Palliative care workers from across the Russian Federation confirm commitment to improving care
On 29–30 November 2017, Moscow hosted the largest annual scientific and educational conference on palliative care in the Russian Federation. Medical doctors from all regions of the country and international experts took part in the event, organized by the Russian Association of Hospice Care Professionals. They learned international and national best practices, and reviewed ways to improve palliative care for adults and children in the country.
The palliative care professionals engaged in comprehensive and topical discussions in lectures, master classes, clinical case studies and roundtables. Among the most-discussed issues were:
- palliative care management and integration with other health-care services;
- the legal framework for palliative care;
- pain relief and clinical management of other severe symptoms;
- the quality of life of patients and their families;
- the development of training activities and materials; and
- the ethical, psychological and spiritual aspects of palliative care.
WHO’s palliative care expert Dr Eric Krakauer offered 2 master classes for medical doctors, the first on palliative care for patients with dyspnoea and the second on optimum use of life-sustaining treatment. He also presented a lecture on the neurobiology of pain.
Dr Elena Yurasova, Coordinator of Noncommunicable Diseases at the WHO Country Office in the Russian Federation, spoke at the opening of the conference. She noted that serious work has been done to promote the principles of palliative care in Russian society, but that much work remains.
Palliative care improves the quality of life of patients and their families who are facing problems associated with life-threatening illness, whether physical, psychosocial or spiritual. It is explicitly recognized under the human right to health, and in key global mandates and strategies on universal health coverage, noncommunicable diseases, and people-centred and integrated health services.
The majority of adults in need of palliative care have chronic diseases such as cardiovascular diseases, cancer, respiratory diseases, tuberculosis, AIDS or diabetes. The gap between access to and need for palliative care is enormous; currently, an estimated 40 million people worldwide need palliative care every year, but only about 14% of them receive it.
In 2014, recognizing the severity of the problem, the World Health Assembly adopted resolution WHA67.19 on strengthening palliative care as a component of comprehensive care throughout the life course. This first-ever global resolution on palliative care calls for improved access with an emphasis on primary health care and community/home-based care. It asserts the ethical duty of health-care professionals to relieve suffering and to respect the dignity of people.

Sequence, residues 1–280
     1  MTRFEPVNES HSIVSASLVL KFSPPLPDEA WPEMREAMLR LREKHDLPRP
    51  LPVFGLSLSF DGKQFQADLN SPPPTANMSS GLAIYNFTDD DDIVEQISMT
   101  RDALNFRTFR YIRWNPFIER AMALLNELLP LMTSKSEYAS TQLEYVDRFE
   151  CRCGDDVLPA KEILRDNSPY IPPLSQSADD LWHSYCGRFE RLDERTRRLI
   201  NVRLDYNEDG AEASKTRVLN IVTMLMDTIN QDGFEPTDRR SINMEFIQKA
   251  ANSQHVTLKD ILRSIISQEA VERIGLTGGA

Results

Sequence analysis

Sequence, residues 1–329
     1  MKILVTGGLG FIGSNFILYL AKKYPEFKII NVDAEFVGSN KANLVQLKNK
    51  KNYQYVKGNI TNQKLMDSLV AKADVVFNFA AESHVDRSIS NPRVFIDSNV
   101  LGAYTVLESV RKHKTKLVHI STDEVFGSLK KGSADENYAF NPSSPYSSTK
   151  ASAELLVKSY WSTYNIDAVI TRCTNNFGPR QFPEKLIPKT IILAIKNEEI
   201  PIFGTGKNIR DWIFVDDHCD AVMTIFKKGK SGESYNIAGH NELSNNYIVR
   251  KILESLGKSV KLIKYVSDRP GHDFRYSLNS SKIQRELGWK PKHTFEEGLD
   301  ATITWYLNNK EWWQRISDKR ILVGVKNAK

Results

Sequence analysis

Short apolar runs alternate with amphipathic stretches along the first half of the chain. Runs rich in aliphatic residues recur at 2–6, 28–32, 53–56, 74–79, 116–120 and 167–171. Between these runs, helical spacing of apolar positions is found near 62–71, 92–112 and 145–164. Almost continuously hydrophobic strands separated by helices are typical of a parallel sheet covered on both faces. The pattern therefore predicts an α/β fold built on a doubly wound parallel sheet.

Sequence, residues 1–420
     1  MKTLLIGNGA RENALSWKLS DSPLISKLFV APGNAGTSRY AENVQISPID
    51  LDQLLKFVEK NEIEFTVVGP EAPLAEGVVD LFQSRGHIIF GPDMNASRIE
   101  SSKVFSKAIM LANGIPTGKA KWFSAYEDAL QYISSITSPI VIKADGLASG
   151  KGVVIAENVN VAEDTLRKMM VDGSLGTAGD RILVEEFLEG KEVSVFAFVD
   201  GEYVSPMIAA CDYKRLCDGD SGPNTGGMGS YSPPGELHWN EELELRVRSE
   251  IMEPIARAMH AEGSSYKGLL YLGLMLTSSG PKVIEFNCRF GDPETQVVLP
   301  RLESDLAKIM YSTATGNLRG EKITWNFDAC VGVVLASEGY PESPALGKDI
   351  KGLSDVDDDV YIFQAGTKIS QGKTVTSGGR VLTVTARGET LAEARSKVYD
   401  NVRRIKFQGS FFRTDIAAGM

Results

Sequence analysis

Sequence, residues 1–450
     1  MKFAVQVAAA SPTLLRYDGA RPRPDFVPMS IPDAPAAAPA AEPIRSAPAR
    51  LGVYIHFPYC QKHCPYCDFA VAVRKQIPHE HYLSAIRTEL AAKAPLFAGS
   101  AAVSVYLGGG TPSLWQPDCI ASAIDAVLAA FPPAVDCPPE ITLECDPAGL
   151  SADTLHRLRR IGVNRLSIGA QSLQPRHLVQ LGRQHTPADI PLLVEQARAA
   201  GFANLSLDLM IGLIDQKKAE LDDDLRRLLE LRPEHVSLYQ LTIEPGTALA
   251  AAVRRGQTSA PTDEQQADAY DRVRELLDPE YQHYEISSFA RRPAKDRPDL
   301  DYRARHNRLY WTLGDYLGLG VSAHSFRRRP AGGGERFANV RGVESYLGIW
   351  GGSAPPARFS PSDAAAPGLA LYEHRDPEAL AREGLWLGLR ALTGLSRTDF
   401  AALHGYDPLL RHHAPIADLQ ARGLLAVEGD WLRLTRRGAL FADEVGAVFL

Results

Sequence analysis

WHO support in the Russian Federation
Through its Country Office, WHO provides support to the Ministry of Health in the area of palliative care by assessing the situation and providing technical advice.
On 1 November 2017, Dr Krakauer met with WHO Representative to the Russian Federation Dr Melita Vujnovic. They discussed additional WHO support for the integration of palliative care at all levels of the health-care system and in medical education at under- and postgraduate levels.
This followed an assessment conducted by WHO in March 2017 that recognized the Russian Federation’s enormous progress on policies relevant to palliative care since 2011. A series of policies and initiatives in the past 6 years led to the endorsement of the Roadmap to improve access to opioids for medical purposes in 2016.
Key milestones included:
- the affirmed right to pain relief;
- the establishment of palliative care as one of the 4 basic types of medical care;
- targets for the number of palliative care beds per population; and
- the inclusion of basic inpatient and outpatient palliative care on the list of care provided free of charge.
Additional plans will ensure human resources development and the integration of palliative care at all levels of health care and by all medical care providers.
WHO will continue to support improved quality of and access to palliative care in the Russian Federation by developing relevant policies, by studying the economic effects of effective types of palliative care, and by establishing education programmes for health professionals. WHO is also exploring the potential for developing a WHO collaborating centre for palliative care training in the country.